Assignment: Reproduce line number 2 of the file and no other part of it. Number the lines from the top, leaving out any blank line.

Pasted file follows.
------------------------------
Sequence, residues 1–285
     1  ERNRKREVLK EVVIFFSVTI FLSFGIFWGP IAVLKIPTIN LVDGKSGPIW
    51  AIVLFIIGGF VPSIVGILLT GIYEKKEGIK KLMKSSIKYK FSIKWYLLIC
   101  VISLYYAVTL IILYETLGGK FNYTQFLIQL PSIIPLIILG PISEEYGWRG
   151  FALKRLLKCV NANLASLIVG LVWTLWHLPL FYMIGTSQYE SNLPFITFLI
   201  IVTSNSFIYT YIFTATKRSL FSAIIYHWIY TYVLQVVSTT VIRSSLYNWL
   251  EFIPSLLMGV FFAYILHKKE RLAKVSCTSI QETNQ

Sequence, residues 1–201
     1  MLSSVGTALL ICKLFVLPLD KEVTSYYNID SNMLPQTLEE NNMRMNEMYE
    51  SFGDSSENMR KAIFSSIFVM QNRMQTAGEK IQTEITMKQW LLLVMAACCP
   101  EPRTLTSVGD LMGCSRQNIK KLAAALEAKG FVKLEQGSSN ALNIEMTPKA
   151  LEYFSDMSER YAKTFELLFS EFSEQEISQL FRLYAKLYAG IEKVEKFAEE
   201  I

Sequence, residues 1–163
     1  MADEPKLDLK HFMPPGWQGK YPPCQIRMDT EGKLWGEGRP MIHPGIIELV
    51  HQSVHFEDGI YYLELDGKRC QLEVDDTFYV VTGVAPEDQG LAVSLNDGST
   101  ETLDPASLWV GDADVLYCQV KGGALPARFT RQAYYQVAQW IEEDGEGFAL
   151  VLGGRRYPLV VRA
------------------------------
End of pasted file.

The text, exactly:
     1  ERNRKREVLK EVVIFFSVTI FLSFGIFWGP IAVLKIPTIN LVDGKSGPIW